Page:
Dr. Bookwalter says hospitalists have an edge with pain patients. “The advantage that hospitalists have is that they can do more frequent monitoring,” he says. “The choice of drug is key, but frequent monitoring is even more key: You have to know if the patient is getting nauseated, or is still in pain, or how much the pain decreased with a certain dose.”
Multiple variables influence a clinician’s decision to prescribe IV opioids for a patient—and at what dose and frequency. Basic principles of pain management dictate administering an initial IV bolus by a provider or by using patient-controlled analgesia (PCA) at lower doses if the patient is opioid-naïve, and at higher doses if a patient has already been taking oral narcotics. The NCCN recommends starting doses of 1-5 mg of IV morphine or equivalent for opioid-naïve patients, or a dose 10%-20% of a daily IV morphine equivalent for those already on opioids.2
The clinician should reassess the patient at 15 minutes to determine whether the pain score is unchanged, increased, or decreased. “If, after 15 minutes, that patient is still in severe pain, you want to be giving another dose,” emphasizes Dr. Chittenden. “You want to get the pain under control and then figure out what the standing dose should be.” The NCCN advises increasing the dose by 50%-100% if the pain score is unchanged or has increased after the initial dose.
IV opioids can also be indicated in elderly patients, unless they suffer from renal insufficiency. Palliative care specialists usually follow the maxim “start low and go slow” for elderly patients, and a 0.5 to 1-mg initial dose would be a reasonable place to begin treating an elderly patient in pain, says Dr. Chittenden. In addition to reassessing every 15 minutes for changes in the pain score, the hospitalist should also closely monitor the patient for sedation, respiratory rate, and other untoward side effects.
Hospitalists as Advocates
Hospitalists can play a vital role in advocating for better pain control for hospitalized patients. “Unfortunately,” notes Dr. Epstein, “pain management is not very well taught in most residency programs. But it’s an essential skill—not to mention a core competency—for hospitalists. If they don’t feel comfortable with their current fund of knowledge, there are plenty of resources out there to gain the skills or develop a higher comfort level and provide more competent pain management—to palliative as well as non-palliative patients.”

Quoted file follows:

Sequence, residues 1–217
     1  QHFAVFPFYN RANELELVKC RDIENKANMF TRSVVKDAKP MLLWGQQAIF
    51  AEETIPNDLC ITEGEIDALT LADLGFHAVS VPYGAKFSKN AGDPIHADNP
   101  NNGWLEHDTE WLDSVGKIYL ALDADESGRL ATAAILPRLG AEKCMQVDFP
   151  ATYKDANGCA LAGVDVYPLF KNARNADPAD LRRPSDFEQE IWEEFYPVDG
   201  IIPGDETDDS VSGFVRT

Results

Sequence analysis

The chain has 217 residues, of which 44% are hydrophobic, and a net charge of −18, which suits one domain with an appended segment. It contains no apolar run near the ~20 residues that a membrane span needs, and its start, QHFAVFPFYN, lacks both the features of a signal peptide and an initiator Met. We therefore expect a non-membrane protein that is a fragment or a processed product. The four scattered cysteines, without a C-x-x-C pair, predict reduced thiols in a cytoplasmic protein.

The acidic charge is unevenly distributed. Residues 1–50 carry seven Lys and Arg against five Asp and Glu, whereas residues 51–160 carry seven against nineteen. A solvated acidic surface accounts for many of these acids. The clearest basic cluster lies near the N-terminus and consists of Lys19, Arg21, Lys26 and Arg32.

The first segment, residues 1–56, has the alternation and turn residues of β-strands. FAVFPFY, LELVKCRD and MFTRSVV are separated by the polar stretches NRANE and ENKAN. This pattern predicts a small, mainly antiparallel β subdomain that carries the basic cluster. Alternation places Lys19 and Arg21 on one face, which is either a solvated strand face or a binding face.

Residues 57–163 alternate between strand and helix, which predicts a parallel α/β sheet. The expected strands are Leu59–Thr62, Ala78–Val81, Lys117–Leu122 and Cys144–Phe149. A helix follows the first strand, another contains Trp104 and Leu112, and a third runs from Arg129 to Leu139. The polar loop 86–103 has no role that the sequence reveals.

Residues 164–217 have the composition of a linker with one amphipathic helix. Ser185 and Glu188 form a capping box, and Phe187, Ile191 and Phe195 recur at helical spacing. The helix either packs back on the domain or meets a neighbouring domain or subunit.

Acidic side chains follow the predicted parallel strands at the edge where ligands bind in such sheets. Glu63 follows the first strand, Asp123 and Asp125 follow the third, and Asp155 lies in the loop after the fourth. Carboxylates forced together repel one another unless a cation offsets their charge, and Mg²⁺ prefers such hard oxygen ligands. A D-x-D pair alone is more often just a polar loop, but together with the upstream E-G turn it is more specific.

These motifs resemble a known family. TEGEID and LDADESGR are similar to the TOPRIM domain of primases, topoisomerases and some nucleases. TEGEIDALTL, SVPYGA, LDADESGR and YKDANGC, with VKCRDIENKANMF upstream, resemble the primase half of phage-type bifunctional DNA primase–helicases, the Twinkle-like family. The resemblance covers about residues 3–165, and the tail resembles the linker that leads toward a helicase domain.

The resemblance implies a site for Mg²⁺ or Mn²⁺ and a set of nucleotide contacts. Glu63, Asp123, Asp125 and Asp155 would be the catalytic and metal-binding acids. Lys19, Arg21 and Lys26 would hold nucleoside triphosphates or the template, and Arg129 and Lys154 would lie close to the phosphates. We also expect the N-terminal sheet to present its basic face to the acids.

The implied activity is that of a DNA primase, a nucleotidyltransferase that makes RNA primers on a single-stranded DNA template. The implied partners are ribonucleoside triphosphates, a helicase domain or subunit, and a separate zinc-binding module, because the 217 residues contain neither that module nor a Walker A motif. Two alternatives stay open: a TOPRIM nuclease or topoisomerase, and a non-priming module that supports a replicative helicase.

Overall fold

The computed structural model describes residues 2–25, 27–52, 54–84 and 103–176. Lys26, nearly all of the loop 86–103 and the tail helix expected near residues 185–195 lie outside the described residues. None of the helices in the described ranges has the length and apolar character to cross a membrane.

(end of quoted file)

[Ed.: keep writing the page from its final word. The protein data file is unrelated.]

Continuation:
In actively dying patients, adequate pain control frees them from suffering. “If people have severe pain, they can’t talk with their families, and they can’t do the other things that might be important to them, whether they’re dying or not dying,” says Dr. Chittenden. “We should be trying to address pain in all patients in the hospital, not just those who are dying. Those in the ICU, those who have just had operations, those who have chronic pain—it’s not OK for them to come to the hospital and be having terrible pain.”
Dr. Artz agrees: “I cannot imagine that it is good for healing if a patient’s sympathetic nervous system is revved up because they’re in severe pain. I believe that adequate pain control is a really important piece of helping people get better.”
Dr. Ling urges colleagues to put themselves in the patient’s shoes, asking themselves, “If I were the patient, what would I need to control my pain?” Everyone’s pain threshold is different, he asserts, and physicians should listen to their patients’ reports. “Rather than asking why would we need to prescribe a large dose of narcotics, ask, ‘Why wouldn’t you want to control the pain?’ ” TH
Gretchen Henkel writes frequently for The Hospitalist.
- Gordon DB, Stevenson KK, Griffie J, et al. Opioid equianalgesic calculations. J Palliat Med. 1999 summer;2(2):209-218.
- National Comprehensive Cancer Network Practice Guidelines in Oncology. Adult cancer pain. Available at: www.nccn.org/professionals/physician_gls/PDF/pain.pdf. Last accessed January 28, 2007.
- Wong DL, Hockenberry-Eaton M, Wilson D, et al. Wong’s Essentials of Pediatric Nursing. 6th ed. St. Louis: Mosby;2001:1301.